The Thanksgiving holidays and the recent Lone Star Book Blog Tour of Gratitude: The Art of Being Thankful by Vickie Phelps has me reflecting on the many blessings in my life and how I or anyone expresses one’s sincere gratitude.
It is not enough to say “thank you.” That expression is used daily, often without thought, as a polite response to something said or done on our behalf. It reflects civility and manners but no deep introspection. Sincere gratitude on the other hand requires effort. It is a conscious choice to acknowledge that every event, every person is a gift.
I sometimes struggle with my feelings over the loss of family and friends and the holidays only accentuate those emotions. It never gets easier to accept that there are empty chairs at the table. The premature loss of my two boys and my godson will always weigh heavily on my heart. Neither it is easy to reflect on dear friends and family members who succumbed to cancer while five years after my own diagnosis with the disease I am cancer free, nor to reconcile the combat loss of fellow brothers-in-arms while I somehow remained unscathed.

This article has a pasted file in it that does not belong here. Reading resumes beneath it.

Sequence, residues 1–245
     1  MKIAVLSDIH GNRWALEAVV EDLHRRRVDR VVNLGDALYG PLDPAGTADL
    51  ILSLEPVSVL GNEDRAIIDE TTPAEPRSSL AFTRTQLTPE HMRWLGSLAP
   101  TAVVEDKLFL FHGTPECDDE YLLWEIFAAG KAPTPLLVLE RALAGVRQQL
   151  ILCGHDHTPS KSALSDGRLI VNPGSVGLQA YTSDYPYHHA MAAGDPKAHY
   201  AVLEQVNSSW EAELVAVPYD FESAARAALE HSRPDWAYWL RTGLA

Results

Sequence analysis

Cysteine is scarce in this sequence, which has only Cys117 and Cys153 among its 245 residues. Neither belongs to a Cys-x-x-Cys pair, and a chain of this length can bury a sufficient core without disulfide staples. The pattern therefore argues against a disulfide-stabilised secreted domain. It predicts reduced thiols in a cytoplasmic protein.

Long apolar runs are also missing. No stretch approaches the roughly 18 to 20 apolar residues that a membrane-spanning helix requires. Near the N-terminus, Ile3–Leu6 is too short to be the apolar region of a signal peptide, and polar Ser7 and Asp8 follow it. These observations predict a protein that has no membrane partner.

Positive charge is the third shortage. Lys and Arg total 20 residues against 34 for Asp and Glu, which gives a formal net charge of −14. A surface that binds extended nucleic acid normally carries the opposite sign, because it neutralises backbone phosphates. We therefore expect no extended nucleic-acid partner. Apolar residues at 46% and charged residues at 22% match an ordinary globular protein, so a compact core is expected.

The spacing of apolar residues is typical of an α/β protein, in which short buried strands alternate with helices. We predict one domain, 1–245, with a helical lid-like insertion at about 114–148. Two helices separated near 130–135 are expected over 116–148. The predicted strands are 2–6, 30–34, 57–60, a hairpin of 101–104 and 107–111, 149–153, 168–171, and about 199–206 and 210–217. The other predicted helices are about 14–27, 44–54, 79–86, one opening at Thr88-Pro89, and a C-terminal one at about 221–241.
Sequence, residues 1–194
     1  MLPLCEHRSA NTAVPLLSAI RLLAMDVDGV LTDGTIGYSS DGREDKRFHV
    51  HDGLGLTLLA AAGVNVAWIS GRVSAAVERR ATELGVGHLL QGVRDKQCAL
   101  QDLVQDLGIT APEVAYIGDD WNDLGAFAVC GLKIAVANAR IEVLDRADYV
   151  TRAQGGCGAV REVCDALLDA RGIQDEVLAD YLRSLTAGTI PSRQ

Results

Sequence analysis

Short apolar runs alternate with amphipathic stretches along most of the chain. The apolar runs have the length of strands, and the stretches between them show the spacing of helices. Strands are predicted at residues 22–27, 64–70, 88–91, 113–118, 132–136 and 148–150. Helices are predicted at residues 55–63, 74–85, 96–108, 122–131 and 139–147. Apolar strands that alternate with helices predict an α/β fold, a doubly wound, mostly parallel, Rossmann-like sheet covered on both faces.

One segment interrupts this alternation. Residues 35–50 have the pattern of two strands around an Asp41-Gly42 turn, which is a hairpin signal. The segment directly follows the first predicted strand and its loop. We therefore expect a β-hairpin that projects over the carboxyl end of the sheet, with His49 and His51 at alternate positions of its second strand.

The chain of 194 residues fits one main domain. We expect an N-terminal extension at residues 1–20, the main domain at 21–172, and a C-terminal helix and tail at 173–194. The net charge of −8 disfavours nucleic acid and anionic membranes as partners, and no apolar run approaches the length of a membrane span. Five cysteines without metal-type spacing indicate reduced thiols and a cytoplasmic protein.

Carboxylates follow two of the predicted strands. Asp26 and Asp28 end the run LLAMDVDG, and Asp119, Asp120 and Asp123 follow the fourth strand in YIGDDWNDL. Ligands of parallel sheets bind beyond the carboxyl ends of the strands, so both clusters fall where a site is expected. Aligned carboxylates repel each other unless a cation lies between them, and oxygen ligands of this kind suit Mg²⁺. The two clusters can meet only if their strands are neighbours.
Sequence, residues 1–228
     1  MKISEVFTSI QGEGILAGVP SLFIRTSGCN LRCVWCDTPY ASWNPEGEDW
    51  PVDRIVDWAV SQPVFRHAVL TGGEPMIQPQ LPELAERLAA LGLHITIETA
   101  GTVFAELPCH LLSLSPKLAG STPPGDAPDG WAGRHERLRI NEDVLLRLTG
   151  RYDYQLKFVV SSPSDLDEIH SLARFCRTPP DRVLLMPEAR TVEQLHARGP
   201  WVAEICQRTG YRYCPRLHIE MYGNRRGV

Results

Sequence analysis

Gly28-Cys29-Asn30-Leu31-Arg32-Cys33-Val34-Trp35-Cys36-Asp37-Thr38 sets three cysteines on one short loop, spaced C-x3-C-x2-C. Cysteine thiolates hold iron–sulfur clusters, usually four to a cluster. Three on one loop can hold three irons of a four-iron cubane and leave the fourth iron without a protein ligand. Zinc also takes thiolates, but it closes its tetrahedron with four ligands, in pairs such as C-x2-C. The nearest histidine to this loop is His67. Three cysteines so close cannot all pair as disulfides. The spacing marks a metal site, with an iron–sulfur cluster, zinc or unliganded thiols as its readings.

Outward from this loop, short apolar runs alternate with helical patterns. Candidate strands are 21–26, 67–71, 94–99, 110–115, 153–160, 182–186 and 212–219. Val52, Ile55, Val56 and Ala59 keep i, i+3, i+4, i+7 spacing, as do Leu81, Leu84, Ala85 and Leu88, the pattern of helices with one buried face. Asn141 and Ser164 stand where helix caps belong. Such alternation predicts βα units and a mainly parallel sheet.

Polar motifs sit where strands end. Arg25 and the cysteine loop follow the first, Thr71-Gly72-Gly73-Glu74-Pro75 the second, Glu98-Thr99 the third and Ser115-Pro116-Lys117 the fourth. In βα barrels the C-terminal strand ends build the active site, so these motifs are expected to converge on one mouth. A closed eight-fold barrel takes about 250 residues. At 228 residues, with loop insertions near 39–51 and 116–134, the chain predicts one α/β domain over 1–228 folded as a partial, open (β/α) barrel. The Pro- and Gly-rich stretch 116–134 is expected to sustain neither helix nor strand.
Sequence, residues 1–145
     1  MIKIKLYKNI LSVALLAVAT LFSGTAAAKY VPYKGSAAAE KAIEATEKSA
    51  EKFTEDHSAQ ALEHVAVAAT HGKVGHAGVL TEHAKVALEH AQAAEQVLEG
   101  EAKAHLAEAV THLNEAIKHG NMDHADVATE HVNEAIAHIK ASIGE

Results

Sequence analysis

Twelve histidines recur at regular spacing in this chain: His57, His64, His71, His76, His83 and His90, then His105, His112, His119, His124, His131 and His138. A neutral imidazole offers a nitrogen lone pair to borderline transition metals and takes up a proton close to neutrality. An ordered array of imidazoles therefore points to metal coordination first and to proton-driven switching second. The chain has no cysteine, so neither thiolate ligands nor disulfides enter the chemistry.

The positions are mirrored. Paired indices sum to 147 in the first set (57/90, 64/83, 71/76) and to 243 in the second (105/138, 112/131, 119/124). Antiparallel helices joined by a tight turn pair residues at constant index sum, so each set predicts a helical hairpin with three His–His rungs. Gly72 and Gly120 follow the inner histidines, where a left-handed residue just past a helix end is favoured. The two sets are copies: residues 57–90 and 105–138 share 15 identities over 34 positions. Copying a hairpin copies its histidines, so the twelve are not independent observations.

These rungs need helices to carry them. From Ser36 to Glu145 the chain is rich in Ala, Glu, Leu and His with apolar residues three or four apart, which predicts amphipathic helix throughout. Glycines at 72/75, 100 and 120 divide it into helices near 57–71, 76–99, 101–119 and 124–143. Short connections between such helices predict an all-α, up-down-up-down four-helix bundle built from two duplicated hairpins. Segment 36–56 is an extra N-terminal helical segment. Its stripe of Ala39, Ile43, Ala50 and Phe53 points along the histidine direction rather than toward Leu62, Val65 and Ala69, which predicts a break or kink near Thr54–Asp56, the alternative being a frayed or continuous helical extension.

It would be easy to allow grief and acrimony to outweigh other considerations. However, while I’ve no doubt that in quieter moments I will shed a tear or two and ponder why everything occurred as it did, I thank God for every moment that I shared with each and every one of them. We can’t alter the past but we can choose to remember how blessed we are that our lives were forever impacted not only by events but by every person with whom they were shared.
Tomorrow is the appointed calendar date for public acknowledgement and celebration of divine goodness. Yet, because we live in an increasingly secular world where the presence of God in our lives is diminished, questioned, ridiculed, or rejected outright, the holiday observance too often consists of little more than watching parades and sports on television and consuming the Thanksgiving meal without a moment of silence or prayer wherein we acknowledge the many blessings given to each of us.
As you gather with friends and family consider your own circumstance and pause long enough in your celebrations to sincerely express your gratitude with a thankful heart.